A dialogue between materials
A two-storey white building with imposing, bold lines and a decidedly contemporary style stands out against the landscaped greenery of the prestigious Nordelta golf course.
According to OON Architecture (made up of Lucas D’Adamo Baumann, Santiago Robin and Federico Segretin Sueyro), simplicity is the guiding principle of the project, which is restrained yet sophisticated. In the Marble House, they explain, “the search for an individual language is based on the use of overlapping clean volumes, pure forms that can be shifted, worked and emptied out to give life to living spaces. At first glance, one can make out three distinct compositional units each corresponding to a functional volume: the social area, the private area and the service area.”
Extending over a floor space of more than 520 square metres, the building presents as a graceful expansion in space of three prismatic nuclei. The upper unit, which houses the master bedroom and two other suites, appears to float above the two volumes below, almost cantilevered over the pool. The living room and kitchen occupy the entire ground floor volume, where light flows in through a continuous glass wall. To one side stands a third windowless volume housing the utility spaces. “The functional organisation of the building is expressed in terms of volumes rather than materials,” explain the architects. However, “the travertine of the cladding plays a fundamental role and is an integral part of the project, because it gives the building a monolithic character”. The building’s light-coloured stone cladding is replaced in some sections by fully glazed walls, in others by industrial-style metal reflecting panels. Marble, a quintessentially classic material, enters into an interesting conceptual and aesthetic dialogue with more technological and contemporary surfaces, in particular the Kerlite 5plus Metal ultra-thin large-format (300×100 cm) laminated porcelain tiles from Cotto D’Este, decorated with a high-definition inkjet system to create a hyper-realistic Iron metal finishing effect. This material is used both on the façade, where it acts as a material and chromatic counterpoint to the dominance of marble, and also on some of the interior walls. This establishes an additional link between interior and exterior along with the more direct connection provided by the large windows. In particular, the living room window is dramatically angled as if to project the space outwards while at the same time echoing the blue of the pool, which is reflected in the glass with an effect of dramatic emphasis and spatial expansion. The principle of sophisticated simplicity also applies to the interiors, which are flooded with light and interconnected by free, open pathways, the central fulcrum of the staircase acting as a kind of pivot between the three volumes. Contrasting materials and chiaroscuro effects between the marble and the deep metallic sheen of the porcelain tiles give the rooms a strong personality, complemented by the essential design of the furnishings. Linear and sober yet generously sized furnishings (a monumental kitchen, extra-large relaxation islands, numerous long tables) are used to create a contemporary living space with a dramatic yet convivial atmosphere.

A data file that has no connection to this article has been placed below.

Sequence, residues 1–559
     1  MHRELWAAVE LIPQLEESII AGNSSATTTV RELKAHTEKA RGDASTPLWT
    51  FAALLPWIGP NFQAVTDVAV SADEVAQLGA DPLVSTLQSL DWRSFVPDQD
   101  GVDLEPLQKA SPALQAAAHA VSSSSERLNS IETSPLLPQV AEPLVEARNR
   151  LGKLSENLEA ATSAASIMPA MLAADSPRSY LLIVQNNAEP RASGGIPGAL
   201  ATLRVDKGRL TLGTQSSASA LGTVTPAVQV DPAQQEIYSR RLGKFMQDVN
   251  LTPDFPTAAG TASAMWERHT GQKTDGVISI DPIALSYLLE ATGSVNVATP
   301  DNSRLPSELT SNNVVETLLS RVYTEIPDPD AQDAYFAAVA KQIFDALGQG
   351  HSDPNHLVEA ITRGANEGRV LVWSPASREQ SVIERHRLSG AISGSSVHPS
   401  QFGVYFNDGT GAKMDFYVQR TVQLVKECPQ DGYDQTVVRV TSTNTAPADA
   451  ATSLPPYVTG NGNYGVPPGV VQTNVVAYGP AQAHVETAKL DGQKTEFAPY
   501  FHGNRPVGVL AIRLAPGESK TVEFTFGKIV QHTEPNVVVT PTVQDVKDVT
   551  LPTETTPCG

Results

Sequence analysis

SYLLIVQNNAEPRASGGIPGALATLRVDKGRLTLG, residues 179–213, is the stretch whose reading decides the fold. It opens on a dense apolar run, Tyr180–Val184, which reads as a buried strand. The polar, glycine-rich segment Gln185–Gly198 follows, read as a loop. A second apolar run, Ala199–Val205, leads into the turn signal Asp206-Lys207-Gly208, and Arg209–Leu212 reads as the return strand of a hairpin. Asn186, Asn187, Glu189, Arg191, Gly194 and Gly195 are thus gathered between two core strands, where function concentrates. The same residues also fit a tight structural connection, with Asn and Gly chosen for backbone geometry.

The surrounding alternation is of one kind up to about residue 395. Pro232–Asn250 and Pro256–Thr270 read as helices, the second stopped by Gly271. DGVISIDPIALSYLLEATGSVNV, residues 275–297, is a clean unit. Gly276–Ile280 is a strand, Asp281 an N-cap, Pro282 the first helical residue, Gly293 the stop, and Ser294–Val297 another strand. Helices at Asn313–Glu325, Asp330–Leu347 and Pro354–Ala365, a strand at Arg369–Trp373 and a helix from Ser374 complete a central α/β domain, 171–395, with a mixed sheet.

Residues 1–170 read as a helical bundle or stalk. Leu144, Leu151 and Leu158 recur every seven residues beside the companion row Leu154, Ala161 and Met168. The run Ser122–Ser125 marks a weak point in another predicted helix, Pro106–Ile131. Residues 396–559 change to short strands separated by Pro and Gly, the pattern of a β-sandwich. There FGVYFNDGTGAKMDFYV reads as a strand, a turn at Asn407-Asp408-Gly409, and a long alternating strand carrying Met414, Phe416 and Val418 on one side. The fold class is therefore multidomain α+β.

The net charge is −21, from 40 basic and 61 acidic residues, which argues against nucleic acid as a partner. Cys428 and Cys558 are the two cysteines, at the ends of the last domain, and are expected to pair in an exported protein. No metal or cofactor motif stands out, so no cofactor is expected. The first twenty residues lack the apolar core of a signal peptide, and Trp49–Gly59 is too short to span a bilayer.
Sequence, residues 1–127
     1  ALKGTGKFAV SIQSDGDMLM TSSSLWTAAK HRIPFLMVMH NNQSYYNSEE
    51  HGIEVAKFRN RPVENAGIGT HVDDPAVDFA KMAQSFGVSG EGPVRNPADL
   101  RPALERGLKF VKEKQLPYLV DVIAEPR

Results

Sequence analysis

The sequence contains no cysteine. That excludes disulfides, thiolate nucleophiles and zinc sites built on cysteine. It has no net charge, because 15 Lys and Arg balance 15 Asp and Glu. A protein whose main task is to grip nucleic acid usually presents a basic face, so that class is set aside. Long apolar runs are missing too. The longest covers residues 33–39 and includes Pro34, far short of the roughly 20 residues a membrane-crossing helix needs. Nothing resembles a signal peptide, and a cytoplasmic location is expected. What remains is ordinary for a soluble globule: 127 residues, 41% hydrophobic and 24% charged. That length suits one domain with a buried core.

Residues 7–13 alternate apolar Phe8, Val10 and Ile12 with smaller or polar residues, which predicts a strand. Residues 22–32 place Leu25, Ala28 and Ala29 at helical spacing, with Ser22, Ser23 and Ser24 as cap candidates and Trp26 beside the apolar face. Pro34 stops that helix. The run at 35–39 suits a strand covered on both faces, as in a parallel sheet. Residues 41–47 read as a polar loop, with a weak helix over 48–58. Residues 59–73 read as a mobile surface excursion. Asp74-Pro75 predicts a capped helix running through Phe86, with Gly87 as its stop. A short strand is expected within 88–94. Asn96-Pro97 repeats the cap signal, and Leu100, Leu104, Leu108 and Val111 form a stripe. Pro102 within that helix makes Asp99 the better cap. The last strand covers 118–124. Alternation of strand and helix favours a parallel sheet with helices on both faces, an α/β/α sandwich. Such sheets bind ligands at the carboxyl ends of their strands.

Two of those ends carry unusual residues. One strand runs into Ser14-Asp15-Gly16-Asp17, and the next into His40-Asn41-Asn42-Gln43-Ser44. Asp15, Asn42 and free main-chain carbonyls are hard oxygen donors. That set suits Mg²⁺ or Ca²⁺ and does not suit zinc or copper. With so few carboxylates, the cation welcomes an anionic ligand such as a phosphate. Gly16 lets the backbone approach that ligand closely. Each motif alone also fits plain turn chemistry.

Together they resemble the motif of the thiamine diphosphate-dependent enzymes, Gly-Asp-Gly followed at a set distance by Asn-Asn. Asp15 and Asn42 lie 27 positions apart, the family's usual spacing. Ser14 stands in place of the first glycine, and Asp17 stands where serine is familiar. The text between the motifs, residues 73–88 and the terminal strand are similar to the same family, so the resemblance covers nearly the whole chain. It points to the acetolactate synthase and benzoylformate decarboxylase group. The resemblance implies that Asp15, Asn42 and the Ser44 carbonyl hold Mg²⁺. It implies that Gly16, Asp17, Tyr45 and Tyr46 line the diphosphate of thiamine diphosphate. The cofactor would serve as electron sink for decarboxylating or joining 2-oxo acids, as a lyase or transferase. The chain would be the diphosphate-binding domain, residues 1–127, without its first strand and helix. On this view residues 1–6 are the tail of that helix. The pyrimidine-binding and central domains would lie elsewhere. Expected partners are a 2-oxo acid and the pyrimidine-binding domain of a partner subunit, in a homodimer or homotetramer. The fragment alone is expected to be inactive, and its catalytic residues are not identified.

Cotto d'Este, Kerlite 5plus Metal
Chemical resistance (ISO 10545-13): ULA-UHA No acido fluoridrico e derivati Not resistant to hydrofluoric acid and derivates
Resistance to deep abrasion (ISO 10545-6): compliant
Stain resistance (ISO 10545-14): compliant
Frost resistance (ISO 10545-12): compliant
Modulus of rupture and breaking strength (ISO 10545-4): compliant
Slip resistance (DIN 51130): R9
Thermal shock resistance (ISO 10545-9): compliant
Crazing resistance (ISO 10545-11): compliant
Linear thermal expansion (ISO 10545-8): compliant